Can we prevent Diabetes?
Type II diabetes, is associated with increased plasma insulin concentration (hyperinsulinemia). This occurs as a compensatory response by the pancreatic beta cells for diminished sensitivity of target tissues to the metabolic effects of insulin, a condition referred to as insulin resistance.
Prediabetes is a condition in which blood glucose levels are higher than normal but not high enough for a diagnosis of diabetes.
What is Insulin Resistance?
Every type of carbohydrate we eat is eventually converted to a simple form of sugar known as glucose. Pancreas senses the abundance of glucose in the bloodstream after a meal and secretes Insulin; Insulin acts on muscle & tissue cells and helps the sugar from blood to enter in the cells where it is used for energy.
In Insulin Resistance cells start to become resistant to Insulin. Therefore the blood sugar levels are high as the glucose can’t make into the muscle cells. Pancreas produces more insulin to compensate and the sugar levels are normalized.
Causes of Insulin Resistance
- Obesity/overweight (especially excess visceral adiposity)
- Excess glucocorticoids (Cushing’s syndrome or steroid therapy)- decreases the sensitivity of various tissues to the metabolic effects of insulin and can lead to development of diabetes mellitus.
- Excess growth hormone (acromegaly)
- Polycystic ovary disease- is associated with marked increases in ovarian androgen production and insulin resistance and is one of the most common endocrine disorders in women.
- Lipodystrophy (acquired or genetic; associated with lipid accumulation in liver
- Autoantibodies to the insulin receptor
- Mutations of insulin receptor
- Mutations that cause genetic obesity (e.g., melanocortin receptor mutations
- Hemochromatosis (a hereditary disease that causes tissue iron accumulation)
Risk factors for Insulin resistance
- being physically inactive
- are overweight with a body mass index (BMI) more than 30
- Abdominal obesity
- having a family history of diabetes, hypertension, heart diseases
- having high blood pressure
- having an HDL cholesterol level below 35 mg/dL or a triglyceride level above 250 mg/dL
- having a history of cardiovascular disease
- are over 40 years of age
- have had gestational diabetes
Dignosis of Insulin Resistance
Visceral fat– WC men>90cm & women >85 cm
And 2 or more of following-
- Fasting blood sugar
Fasting glucose levels of 100 to 125 mg/dL
- BP >130/85
- TG > 150mg/dl;
- HDL Men <40 mg/dL
Women <50 mg/dL
- Glucose tolerance test. This test measures blood glucose after people fast for at least 8 hours and 2 hours after they drink a sweet liquid provided by a doctor or laboratory.
Development of Type II Diabetes during Prolonged Insulin Resistance.
With prolonged and severe insulin resistance, even the increased levels of insulin are not sufficient to maintain normal glucose regulation. As a result, moderate hyperglycemia occurs after ingestion of carbohydrates in the early stages of the disease.
In the later stages of type II diabetes, the pancreatic beta cells become “exhausted” and are unable to produce enough insulin to prevent more severe hyperglycemia.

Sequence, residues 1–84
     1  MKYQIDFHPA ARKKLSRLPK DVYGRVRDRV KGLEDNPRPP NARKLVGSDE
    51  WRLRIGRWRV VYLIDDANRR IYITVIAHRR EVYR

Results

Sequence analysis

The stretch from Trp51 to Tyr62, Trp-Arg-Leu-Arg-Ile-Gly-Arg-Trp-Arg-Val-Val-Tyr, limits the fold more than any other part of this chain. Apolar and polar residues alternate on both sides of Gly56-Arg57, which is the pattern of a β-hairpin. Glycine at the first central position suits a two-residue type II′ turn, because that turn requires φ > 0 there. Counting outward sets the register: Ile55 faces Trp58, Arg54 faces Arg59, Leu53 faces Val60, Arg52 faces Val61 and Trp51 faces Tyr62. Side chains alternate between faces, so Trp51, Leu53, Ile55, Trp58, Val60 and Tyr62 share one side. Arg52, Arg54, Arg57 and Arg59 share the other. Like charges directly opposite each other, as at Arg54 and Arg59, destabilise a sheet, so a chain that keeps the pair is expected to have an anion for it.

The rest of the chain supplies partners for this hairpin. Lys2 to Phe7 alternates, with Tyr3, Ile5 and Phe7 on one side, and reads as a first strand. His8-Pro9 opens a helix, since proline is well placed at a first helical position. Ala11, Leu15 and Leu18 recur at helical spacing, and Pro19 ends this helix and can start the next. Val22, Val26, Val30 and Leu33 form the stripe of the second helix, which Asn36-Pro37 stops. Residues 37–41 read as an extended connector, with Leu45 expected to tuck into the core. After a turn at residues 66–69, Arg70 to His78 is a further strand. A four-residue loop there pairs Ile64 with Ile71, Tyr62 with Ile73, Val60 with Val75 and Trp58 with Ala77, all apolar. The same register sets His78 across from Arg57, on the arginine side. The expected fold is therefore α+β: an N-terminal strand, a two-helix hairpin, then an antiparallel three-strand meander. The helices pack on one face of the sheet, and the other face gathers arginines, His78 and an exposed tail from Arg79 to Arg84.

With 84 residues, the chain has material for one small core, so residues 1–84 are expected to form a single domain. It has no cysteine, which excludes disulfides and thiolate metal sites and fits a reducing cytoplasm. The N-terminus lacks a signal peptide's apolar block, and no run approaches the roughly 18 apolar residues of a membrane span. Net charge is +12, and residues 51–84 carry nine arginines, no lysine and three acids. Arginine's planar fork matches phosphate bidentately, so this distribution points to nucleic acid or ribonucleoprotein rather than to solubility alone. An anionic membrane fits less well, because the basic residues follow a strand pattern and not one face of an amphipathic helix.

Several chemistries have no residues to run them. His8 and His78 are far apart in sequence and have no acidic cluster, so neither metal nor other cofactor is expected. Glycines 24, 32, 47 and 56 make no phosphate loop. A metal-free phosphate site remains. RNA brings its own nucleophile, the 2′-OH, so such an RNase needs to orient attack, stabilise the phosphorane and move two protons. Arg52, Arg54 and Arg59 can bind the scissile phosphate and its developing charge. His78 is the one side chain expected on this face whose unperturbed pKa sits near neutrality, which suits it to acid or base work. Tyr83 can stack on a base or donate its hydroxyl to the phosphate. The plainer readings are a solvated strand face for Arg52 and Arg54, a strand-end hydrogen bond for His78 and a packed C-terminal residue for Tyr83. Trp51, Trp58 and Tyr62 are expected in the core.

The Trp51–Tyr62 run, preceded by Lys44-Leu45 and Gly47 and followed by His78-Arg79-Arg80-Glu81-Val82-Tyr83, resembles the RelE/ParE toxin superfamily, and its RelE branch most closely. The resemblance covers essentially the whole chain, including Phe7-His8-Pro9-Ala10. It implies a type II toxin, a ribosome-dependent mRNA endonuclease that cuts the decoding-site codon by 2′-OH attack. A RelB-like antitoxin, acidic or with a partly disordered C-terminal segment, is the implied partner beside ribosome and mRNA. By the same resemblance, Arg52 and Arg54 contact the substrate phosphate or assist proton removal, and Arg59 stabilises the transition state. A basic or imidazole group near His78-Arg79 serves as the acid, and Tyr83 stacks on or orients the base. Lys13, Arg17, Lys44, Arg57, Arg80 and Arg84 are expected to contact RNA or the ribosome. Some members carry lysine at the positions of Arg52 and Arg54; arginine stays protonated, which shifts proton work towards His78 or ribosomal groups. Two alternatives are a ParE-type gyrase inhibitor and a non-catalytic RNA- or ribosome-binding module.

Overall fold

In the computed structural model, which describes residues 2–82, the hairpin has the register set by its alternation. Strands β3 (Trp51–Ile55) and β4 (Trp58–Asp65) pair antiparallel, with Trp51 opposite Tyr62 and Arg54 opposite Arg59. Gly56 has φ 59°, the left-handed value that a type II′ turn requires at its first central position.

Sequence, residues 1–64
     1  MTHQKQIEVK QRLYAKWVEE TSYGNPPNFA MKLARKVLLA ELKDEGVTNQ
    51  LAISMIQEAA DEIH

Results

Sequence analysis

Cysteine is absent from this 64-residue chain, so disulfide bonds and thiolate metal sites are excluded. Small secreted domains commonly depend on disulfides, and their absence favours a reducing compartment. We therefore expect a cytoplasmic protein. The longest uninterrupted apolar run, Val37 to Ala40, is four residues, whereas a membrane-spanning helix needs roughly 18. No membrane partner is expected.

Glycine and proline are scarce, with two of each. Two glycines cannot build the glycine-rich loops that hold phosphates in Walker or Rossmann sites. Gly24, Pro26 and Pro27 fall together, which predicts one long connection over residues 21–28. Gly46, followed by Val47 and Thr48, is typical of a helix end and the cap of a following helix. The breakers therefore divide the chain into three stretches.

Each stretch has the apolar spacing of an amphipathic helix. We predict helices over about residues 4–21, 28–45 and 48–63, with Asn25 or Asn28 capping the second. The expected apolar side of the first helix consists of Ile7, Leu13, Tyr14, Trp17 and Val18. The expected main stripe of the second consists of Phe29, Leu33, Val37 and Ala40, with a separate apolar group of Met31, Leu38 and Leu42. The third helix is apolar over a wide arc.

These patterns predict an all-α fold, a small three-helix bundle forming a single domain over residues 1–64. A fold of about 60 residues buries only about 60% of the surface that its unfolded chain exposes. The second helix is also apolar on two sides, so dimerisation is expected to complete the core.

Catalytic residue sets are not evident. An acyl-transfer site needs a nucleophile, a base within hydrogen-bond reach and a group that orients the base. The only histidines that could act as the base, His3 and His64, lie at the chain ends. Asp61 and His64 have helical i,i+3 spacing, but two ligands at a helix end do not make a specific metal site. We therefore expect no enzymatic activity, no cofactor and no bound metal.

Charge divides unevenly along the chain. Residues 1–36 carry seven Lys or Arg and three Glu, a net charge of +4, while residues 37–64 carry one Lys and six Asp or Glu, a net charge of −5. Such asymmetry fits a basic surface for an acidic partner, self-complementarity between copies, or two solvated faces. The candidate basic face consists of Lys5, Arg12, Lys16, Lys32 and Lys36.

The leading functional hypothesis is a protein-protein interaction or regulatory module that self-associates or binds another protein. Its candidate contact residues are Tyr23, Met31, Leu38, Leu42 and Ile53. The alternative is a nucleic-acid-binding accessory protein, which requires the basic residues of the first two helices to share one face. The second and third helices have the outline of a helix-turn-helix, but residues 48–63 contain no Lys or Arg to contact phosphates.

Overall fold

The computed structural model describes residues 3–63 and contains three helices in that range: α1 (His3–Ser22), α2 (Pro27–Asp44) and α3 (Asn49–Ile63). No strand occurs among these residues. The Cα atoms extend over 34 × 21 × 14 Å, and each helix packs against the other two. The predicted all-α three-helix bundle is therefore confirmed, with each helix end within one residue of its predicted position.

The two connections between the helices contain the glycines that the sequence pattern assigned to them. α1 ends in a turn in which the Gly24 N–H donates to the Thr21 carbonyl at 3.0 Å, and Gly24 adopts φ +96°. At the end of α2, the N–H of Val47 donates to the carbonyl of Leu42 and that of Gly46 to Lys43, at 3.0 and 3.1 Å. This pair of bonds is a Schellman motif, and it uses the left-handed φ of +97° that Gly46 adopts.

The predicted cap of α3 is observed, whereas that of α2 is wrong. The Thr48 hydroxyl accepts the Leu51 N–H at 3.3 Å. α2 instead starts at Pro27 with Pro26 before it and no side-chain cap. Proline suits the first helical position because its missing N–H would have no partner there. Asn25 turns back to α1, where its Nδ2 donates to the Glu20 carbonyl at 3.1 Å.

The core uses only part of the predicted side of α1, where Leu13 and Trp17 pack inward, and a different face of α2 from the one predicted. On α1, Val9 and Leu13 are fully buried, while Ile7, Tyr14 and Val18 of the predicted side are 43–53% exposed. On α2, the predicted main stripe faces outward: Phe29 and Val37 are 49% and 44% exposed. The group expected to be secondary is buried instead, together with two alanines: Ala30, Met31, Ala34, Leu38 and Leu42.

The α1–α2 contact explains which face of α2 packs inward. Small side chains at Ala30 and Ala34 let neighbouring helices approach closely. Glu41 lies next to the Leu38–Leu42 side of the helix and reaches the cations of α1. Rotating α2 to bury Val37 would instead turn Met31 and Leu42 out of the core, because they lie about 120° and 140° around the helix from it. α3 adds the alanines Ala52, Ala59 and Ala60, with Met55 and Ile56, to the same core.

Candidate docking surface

Treatment of Insulin Resistance
Unlike Diabetes Insulin resistance is a treatable condition. If we treat Insulin Resistance in time Diabetes can be prevented in future. Studies have shown that most people with prediabetes develop type 2 diabetes within 10 years, unless they lose 5 to 7 percent of their body weight.
The need for insulin can be reduced by altering the diet, particularly the carbohydrates in the diet. Carbohydrates are absorbed into the body after they are broken up into their component sugars. Some carbohydrates are broken up and absorbed faster than others and are referred to as having a high glycemic index. These carbohydrates increase the blood glucose level more rapidly and require the secretion of more insulin to control the level of glucose in the blood.Examples of carbohydrates with a high glycemic index that rapidly raise blood glucose levels include:
1. unrefined sugars,
2. white breads, and
3. unrefined corn and potato products (for example, bagels, mashed potatoes, doughnuts, corn chips, and french fries).
Examples of foods with a low glycemic index include:
1. foods with higher fiber content such as whole grain breads and brown rice;
2. non-starchy vegetables (for example, broccoli, green beans, asparagus, carrots, and greens).
Several studies have shown that weight loss and aerobic exercise (without weight loss) increase the rate at which glucose in the blood is taken up by muscle cells as a result of improved sensitivity of the cells to insulin.
It increases the sensitivity of muscle and fat cells to insulin to increase glucose uptake
Acarbose works in the intestines to slow the absorption of sugars, and this effect would reduce the need for insulin after meals. The study found that acarbose reduced the development of diabetes by 25%.
- Ion Magnum-
Ion Magnum was invented by Nobel winning Gerry Pollock & it is the only non-surgical technology to reduce Visceral fat. When we exercise our brain sends signals to the corresponding muscles. Ion Magnum mimics these signals to give you the benefits of an intense, professional workout minus the pain, physical exertion or inconvenience of conventional exercise. Ion Magnum reduces both surface & visceral fat which gives immense health benefits. You can get better control over Diabetes & Heart disease. It also improves muscle mass which further improves metabolism to initiate weight loss.
Dr. Sheetal Badami
SCOPE Certified Obesity Consultant & Anti-Aging Physician
Director, Define Aesthetics